Smurfit Kappa shares fall as revised US bid rejected
US suitor ups its bid by 3% but Irish cardboard box-maker says it doesn’t reflect group’s ‘intrinsic value’
Smurfit Kappa has unanimously rejected a revised offer from US suitor International Paper. Photograph: Jason Alden/Bloomberg
Shares in Smurfit Kappa fell on Monday morning as the in cardboard box maker rejected a revised bid from US suitor International Paper, on the grounds that the proposal fails to reflect the group’s “intrinsic value, track record and superior prospects as an independent business”.
The Dublin-based group said that it had received a subsequent offer last Thursday of €€25.25 in cash per share, and 0.3028 new shares of International Paper common stock for each Smurfit Kappa ordinary share held by them.
This would value each Smurfit Kappa share at €37.54, an increase of €1.08 per share, or 3 per cent, on a previous offer, which was rejected earlier this month. The revised offer saw International Paper increase the cash component of the bid from €22 a share previously.
However, Liam O’Mahony, chairman of Smurfit Kappa, said that the new proposal “does not offer Smurfit Kappa shareholders much more than compensation for the fall in International Paper’s share price since [the original bid] and again fails to value” the group.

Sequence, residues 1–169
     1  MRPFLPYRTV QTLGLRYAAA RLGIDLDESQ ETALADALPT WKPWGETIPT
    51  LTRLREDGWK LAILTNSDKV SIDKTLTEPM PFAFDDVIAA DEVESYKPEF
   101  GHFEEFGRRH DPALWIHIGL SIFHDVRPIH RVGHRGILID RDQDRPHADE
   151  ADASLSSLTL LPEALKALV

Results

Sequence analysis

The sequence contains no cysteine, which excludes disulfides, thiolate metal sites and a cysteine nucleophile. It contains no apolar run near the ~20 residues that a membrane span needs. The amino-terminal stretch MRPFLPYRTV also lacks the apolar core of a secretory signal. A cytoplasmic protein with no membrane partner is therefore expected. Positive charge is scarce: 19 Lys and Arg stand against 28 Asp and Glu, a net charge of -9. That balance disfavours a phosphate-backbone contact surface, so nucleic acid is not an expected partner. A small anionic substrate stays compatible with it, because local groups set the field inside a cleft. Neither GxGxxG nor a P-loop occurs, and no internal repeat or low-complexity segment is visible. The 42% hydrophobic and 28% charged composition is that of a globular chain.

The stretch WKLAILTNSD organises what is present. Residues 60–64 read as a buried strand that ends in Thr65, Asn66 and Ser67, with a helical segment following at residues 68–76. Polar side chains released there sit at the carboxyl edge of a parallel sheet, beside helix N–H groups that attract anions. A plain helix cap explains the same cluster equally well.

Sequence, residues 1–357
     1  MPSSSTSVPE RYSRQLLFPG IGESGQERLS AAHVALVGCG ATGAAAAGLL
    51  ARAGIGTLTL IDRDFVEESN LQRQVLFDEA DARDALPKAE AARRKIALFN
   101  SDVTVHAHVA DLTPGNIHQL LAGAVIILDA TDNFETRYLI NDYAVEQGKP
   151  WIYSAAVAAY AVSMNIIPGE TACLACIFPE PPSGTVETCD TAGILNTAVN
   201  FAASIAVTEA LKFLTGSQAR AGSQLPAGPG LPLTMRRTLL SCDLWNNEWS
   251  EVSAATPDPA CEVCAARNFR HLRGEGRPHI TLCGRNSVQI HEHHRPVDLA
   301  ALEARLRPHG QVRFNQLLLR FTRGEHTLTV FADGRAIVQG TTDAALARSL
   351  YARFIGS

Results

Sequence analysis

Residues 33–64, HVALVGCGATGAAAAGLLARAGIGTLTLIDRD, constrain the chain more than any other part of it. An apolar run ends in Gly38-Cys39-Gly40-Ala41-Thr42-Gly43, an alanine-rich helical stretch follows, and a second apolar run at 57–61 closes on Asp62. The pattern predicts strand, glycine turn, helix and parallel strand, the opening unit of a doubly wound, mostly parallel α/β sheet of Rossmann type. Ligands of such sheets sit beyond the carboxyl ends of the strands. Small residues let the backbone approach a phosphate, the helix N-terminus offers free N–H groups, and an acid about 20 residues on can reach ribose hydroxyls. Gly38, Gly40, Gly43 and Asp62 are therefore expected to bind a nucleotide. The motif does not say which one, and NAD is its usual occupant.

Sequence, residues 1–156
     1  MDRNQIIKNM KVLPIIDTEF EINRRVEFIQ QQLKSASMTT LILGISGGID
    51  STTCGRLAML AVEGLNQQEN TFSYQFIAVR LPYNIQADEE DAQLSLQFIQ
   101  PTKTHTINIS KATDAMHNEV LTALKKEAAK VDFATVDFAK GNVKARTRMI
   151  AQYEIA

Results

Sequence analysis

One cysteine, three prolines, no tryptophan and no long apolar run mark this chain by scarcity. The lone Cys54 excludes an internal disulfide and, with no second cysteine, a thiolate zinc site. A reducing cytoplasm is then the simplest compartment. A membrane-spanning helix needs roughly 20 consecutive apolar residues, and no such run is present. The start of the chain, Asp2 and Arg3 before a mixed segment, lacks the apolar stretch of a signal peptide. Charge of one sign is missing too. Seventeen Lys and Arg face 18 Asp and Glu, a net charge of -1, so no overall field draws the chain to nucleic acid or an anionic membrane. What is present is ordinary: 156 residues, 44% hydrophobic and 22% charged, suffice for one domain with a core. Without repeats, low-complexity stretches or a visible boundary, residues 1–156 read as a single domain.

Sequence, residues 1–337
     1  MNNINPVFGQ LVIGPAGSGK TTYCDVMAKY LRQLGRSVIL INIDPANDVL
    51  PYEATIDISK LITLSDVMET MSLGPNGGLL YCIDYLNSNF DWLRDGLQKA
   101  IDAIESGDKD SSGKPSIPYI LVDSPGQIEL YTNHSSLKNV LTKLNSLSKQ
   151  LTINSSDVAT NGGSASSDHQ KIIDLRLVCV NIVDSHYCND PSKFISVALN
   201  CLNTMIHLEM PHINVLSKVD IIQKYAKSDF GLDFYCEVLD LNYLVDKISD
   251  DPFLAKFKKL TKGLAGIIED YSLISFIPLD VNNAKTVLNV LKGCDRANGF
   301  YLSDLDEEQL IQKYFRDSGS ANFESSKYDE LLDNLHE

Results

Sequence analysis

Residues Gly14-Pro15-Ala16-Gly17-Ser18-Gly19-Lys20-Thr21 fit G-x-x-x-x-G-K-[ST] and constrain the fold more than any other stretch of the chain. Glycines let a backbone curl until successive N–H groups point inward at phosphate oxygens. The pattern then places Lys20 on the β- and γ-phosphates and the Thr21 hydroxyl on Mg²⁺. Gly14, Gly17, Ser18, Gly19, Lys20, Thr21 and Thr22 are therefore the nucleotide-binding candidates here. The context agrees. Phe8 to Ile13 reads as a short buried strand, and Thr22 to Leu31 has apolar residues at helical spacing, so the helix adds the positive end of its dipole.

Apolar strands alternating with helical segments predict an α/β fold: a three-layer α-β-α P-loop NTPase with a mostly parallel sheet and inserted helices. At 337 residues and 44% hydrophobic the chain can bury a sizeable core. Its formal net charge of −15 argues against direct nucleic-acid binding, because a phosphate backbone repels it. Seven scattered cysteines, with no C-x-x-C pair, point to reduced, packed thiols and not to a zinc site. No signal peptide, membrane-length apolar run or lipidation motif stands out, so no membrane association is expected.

Meanwhile, International Paper is pressing for Smurfit Kappa to enter into talks, outlining that a tie-up should deliver $450 million (€363 million) a year within four years. However, restructuring costs to deliver that target will come to $570 million.
Shares in Smurfit Kappa fell as much as 4 per cent on Monday to €33.34.
The group said that its board has “unanimously rejected” this offer, as it is “resolute in its belief that the best interests of the group’s stakeholders are served by pursuing its future as an independent company”.
The board also said that the revised offer “fundamentally undervalues the group and remains significantly below the valuations set by recent industry transactions”, while it noted that much of the consideration offered is in US-listed shares, which “represent uncertain value, and would expose Smurfit Kappa shareholders to the risk of significantly greater leverage and the challenges of integrating two businesses with fundamentally different cultures”.
Headquartered in Memphis, Tennessee, International Paper is one of the world’s largest producers of fiber-based packaging, pulp and paper, and employs some 52,000 people worldwide.